Frenzied omnibus negotiations fail to yield deal on FAIR-opposed Afghan Adjustment Act
FAIR Take | December 2022
While the $1.7 trillion omnibus contained terrible policy and wasteful spending, one Democrat wish-list item it thankfully did not contain was a proposal to give green cards to evacuees from Afghanistan, many of whom have proven to be criminals or national security risks. The proposal was led by Senator Amy Klobuchar (D-MN), who filed a last-minute omnibus amendment based on the Afghan Adjustment Act she introduced in August with support from several Republicans. The amendment ultimately was not included, a victory in an otherwise wretched bill that weakens leverage over the purse strings for the new Republican-controlled House.
The Afghan Adjustment Act expands special immigrant visas (SIVs) and implements a green card application process for Afghans brought to the US during “Operation Allies Welcome” (OAW), Biden’s name for the rushed Afghanistan evacuation last year. OAW paroled over 70,000 Afghans into the US in just a few months. Parole is supposed to be granted only “on a case-by-case basis for urgent humanitarian reasons or significant public benefit” and shouldn’t be granted to refugees, who have a separate legal pathway, but such abuse of power is typical for this administration.
A September inspector general report revealed that early OAW “screening and vetting requirements were decided on an ad hoc basis,” and Customs and Border Protection (CBP) “admitted or paroled evacuees who were not fully vetted into the United States.” Military bases processing evacuees were given an average of just 6 days’ notice to support about 11,000 evacuees each. Some bases didn’t yet have State Department tracking software, called Hummingbird, when evacuees arrived, and instead used Excel spreadsheets. When base personnel retroactively logged Afghans into Hummingbird, some gave different information than when they arrived. About half the evacuees entered with a vague “facilitation document” which CBP can’t define. Many were allowed to enter without any ID whatsoever, and CBP didn’t keep a list of such individuals.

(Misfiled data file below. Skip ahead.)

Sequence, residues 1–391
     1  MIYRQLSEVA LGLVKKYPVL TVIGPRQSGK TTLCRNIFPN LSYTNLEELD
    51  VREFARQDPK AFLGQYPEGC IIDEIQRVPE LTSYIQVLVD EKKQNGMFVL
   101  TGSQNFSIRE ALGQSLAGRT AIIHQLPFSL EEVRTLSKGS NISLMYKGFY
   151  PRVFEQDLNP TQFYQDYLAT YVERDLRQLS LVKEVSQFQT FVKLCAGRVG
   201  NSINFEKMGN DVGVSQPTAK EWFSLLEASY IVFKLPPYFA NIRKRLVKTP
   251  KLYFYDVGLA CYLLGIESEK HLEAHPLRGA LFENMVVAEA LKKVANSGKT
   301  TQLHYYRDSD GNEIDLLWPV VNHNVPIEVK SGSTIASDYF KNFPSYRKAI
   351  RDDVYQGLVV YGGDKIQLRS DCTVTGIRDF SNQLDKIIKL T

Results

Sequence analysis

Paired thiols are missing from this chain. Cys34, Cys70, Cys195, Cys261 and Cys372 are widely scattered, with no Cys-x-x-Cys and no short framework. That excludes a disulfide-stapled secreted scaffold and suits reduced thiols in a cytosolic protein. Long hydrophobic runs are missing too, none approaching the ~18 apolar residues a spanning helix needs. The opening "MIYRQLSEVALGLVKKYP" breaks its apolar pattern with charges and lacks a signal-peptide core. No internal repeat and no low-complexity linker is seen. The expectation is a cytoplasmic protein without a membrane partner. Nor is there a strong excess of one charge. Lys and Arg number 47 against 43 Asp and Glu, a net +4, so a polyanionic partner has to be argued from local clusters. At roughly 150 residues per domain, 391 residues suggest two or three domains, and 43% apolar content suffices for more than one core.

By November 2021, 50 evacuees in the US had “significant security concerns” in Pentagon databases. Crime has become a problem among evacuees, including an assault on a soldier in New Mexico, a man’s sexual assault of his 12-year-old son and 14-year-old nephew in Wisconsin, a rape in Montana, a man’s domestic abuse of his wife and kids in Wisconsin, vehicle theft and physical assault in Virginia, and sexual assault of a 12-year-old boy in New Mexico, among other cases. In short, OAW was a boondoggle, yet open-borders Democrats want to give Afghan evacuees a pathway to citizenship. With the clock ticking before Republicans take control of the House in January, Democrats saw attaching the Afghan Adjustment Act to the omnibus as a sure means of passage.
In drafting the amendment, negotiators made minor changes to the original bill in an attempt to address Republican concerns while preserving its purpose and intent. The original version granted the Department of Homeland Security (DHS), led by border crisis architect Alejandro Mayorkas, too much discretion to determine whether evacuees had been properly vetted. Negotiators updated the text to prescribe specific vetting measures, including an in-person interview, and require DHS consultation with the Defense Department, Attorney General, and Congress. Republicans were concerned that the original version endorsed the abuse of parole authority described above, so negotiators changed it to develop a “contingency plan” for future evacuations using refugee and/or consular processing instead of parole. Republicans were also concerned the original version included too large a priority group – evacuees whose green card applications when approved, would grant lawful permanent residence retroactively to their arrival and thus shorten their wait for citizenship. So negotiators narrowed the priority group. They also made token concessions to respond to damning Inspectors General reports.
These changes do not improve the flawed central premise. Klobuchar’s amendment would have required a supermajority of 60 votes in the 50-50 Senate. Even if all Democrats had been in favor, it would have still needed 10 Republican votes. Fortunately, enough Republicans saw through the changes and no floor vote was even held on the amendment. FAIR will be watching to see if a renewed effort on this front emerges next Congress, and will continue to urge sensible lawmakers of both parties to vote against this misguided policy.